2. Other provisions in the eCommerce Directive
  3. During the transition period

What you should do before 1 January 2021

  1. Check whether you are in scope
  2. Check where your service is based
  3. Check for new legal requirements
  4. More steps you can take

Changes from 1 January 2021

Rules relating to online activities in European Economic Area (EEA) countries may newly apply to UK online service providers who operate in the EEA from 1 January 2021.

The eCommerce Directive currently allows EEA online service providers to operate in any EEA country, while only following relevant rules in the country in which they are established. This framework will no longer apply to UK providers as the UK will have left the EEA

You should consider whether your services are currently in scope of the Directive, and if so, ensure that you are compliant with relevant requirements in each EEA country you operate in.

Depending on the nature of your online services you may already comply with these requirements. This could mean that there are little or no immediate changes you need to make to be compliant from 1 January 2021.

You may also wish to seek legal advice.

The government intends to fully remove the eCommerce Directive’s Country of Origin principle from UK legislation, to bring EEA online service providers in scope of UK laws, which they were previously exempt from. As this principle is found in a number of pieces of legislation it will be removed at different points, when parliamentary time allows.

  1. Check whether you are in scope

The eCommerce Directive applies to ‘information society services’. These are defined as any service that is normally provided:

  • for payment, including indirect payment such as advertising revenue
  • ‘at a distance’ (where customers can use the service without the provider being present)
  • by electronic means, and
  • at the individual request of a recipient of the service

This covers the vast majority of online service providers, for example online retailers, video sharing sites, search tools, social media platforms and internet service providers.

  1. Check where your service is based

The Directive refers to this as your ‘place of establishment’, and is the fixed establishment where you pursue your economic activity for an indefinite period of time. See paragraph (19) of the recitals to the Directive for further guidance.

  1. Check for new legal requirements

If you are established in the UK, you should check for any legal requirements in any EEA countries you operate in. The rules that you may need to start following are those that fall within the Directive’s ‘coordinated field’. This covers legal requirements in individual EEA states which apply to information society services, for example, rules relating to:

  • online information
  • online advertising
  • online shopping
  • online contracting

UK online service providers may also become subject to ‘prior authorisation’ schemes, such as licensing requirements, in EEA countries where they operate.

The Directive does not cover:

  • tax
  • questions about agreements or practices governed by cartel law
  • certain gambling activities
  • personal data covered by the GDPR and e-Privacy Directive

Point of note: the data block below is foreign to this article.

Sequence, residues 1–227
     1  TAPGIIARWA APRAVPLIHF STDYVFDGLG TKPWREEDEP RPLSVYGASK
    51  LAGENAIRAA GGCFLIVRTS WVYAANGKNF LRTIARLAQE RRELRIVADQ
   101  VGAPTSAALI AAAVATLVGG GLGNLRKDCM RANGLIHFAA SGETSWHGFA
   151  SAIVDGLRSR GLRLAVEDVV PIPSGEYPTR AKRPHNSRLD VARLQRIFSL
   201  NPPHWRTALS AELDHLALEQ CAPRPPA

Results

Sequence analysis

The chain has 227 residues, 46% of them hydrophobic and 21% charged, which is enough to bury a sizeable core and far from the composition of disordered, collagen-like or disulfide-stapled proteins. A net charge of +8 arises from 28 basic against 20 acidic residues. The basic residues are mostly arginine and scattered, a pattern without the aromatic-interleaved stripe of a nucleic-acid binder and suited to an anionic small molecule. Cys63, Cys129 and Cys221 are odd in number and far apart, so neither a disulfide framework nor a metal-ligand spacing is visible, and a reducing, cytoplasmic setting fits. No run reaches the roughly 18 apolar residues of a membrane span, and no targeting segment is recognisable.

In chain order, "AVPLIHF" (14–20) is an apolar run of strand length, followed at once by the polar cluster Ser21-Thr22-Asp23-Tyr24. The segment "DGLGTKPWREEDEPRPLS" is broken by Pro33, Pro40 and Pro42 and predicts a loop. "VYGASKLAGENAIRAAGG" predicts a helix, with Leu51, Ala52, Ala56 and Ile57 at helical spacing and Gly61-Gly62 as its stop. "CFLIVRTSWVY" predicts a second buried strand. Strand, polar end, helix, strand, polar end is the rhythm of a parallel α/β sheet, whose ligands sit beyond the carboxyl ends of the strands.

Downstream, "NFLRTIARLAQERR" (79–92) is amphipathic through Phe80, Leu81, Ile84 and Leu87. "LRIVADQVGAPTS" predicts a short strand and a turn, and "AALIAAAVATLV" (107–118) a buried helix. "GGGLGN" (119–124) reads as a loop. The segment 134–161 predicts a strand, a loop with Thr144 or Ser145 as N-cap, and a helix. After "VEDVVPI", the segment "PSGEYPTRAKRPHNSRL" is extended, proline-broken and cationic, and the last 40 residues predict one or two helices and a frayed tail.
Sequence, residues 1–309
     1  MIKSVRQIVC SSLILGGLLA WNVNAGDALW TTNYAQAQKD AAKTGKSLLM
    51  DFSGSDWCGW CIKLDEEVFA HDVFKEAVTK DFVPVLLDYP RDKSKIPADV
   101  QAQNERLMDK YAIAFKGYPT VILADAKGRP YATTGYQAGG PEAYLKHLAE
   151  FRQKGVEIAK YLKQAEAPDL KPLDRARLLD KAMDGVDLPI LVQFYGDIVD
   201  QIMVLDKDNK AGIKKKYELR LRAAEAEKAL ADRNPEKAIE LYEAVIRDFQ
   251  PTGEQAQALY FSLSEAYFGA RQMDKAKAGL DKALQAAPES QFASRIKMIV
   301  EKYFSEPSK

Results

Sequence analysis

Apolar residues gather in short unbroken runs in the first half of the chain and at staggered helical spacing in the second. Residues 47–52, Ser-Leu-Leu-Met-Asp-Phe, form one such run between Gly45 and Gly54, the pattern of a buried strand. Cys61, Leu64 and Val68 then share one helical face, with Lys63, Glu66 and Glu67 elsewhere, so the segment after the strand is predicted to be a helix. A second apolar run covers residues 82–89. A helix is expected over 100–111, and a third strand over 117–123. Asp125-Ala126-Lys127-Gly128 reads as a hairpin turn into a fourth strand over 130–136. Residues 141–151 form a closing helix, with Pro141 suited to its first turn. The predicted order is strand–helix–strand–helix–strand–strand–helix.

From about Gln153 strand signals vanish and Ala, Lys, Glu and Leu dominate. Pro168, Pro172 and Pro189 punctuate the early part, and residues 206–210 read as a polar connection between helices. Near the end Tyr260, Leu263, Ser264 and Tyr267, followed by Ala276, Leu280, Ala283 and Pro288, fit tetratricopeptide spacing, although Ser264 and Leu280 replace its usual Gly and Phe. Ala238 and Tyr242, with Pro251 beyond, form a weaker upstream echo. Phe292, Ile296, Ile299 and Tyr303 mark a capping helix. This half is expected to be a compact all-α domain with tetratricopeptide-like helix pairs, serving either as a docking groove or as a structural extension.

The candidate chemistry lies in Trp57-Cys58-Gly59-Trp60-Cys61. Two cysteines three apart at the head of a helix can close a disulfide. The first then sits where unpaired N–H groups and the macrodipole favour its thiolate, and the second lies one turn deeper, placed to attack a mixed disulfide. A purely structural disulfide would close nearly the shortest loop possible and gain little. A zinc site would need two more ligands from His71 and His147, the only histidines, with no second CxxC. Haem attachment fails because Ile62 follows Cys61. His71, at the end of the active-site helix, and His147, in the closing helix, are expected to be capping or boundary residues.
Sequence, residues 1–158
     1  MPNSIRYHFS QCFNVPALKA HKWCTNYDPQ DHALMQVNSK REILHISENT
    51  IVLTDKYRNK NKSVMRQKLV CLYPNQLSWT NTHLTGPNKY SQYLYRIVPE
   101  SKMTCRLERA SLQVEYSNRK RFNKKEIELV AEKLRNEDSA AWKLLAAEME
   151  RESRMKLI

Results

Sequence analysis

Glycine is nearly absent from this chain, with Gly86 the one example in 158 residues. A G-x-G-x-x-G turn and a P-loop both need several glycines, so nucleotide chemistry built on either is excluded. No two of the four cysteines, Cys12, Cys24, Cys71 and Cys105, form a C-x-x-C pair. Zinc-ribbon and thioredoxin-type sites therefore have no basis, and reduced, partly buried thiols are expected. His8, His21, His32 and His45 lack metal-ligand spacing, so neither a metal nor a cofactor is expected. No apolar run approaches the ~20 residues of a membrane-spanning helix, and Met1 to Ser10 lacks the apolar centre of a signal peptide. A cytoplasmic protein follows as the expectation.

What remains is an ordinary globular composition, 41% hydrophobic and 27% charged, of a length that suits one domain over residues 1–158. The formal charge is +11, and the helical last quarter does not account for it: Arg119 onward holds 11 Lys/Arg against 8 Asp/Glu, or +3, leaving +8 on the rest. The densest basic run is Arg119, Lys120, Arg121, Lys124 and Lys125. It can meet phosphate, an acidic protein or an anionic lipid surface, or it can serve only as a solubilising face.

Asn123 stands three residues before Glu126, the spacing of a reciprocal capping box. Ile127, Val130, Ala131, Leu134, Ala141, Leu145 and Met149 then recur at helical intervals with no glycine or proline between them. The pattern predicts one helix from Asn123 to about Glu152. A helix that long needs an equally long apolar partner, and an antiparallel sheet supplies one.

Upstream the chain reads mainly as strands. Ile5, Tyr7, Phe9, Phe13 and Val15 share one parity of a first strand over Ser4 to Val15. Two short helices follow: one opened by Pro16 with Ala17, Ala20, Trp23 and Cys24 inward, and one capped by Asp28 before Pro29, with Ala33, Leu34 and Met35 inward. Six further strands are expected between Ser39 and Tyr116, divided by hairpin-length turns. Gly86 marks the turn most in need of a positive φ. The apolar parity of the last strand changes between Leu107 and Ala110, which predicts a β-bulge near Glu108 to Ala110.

• legal requirements relating to goods such as safety standards, labelling obligations or liability for goods
  • requirements relating to delivering or transporting goods.
  1. More steps you can take to prepare for changes

We also recommend that you:

  • ensure that you have processes in place for ongoing compliance if individual EEA states change their requirements governing online activities
  • consider legal or other professional advice

Other provisions in the eCommerce Directive

The eCommerce Directive also contains provisions relating to intermediary liability and prohibitions against imposing general monitoring obligations.

The Government has no current plans to change the UK’s intermediary liability regime or its approach to prohibition on general monitoring requirements.

During the transition period

The eCommerce Directive will continue to apply to the UK for the duration of the transition period, ending on 31 December 2020.

BREXIT update: DCMS guidance for business after the end of the transition period

The DCMS website has a dedicated section for DCMS sectors after 1 January 2021. The general link  to the guidance is set out below.

Guidance for DCMS sectors during the transition period and after 1 January 2021

Video- on demand and broadcasting

Broadcasting and video on-demand from 1 January 2021

Ofcom Guidance on Video sharing Platform regulation from 1 November 2020

Regulating video-sharing platforms: a guide to the new requirements on VSPs and Ofcom’s approach to regulation (PDF, 237.9 KB):

Ofcom has published this  guide to the new regulatory requirements for UK-based VSPs which come into force on 1 November 2020. Under the new regulations, VSPs must have appropriate measures in place to protect children from potentially harmful content and all users from criminal content, and incitement to hatred and violence. VSPs will also need to ensure standards around advertising are met. 

Data Protection- DCMS

Using personal data in your business or other organisation after the transition period  DCMS 16 October 2020 Guidance

More detailed information can be found in the BREXIT and end of transition period section of the the Information Commissioner’s Office’s (ICO) website.

11 of the 12 third countries deemed adequate by the EU have currently informed the UK they will maintain unrestricted personal data flows with the UK. Further information can be found on the ICO’s website.

International data transfers from the UK to other jurisdictions, information can be found here on the ICO’s website.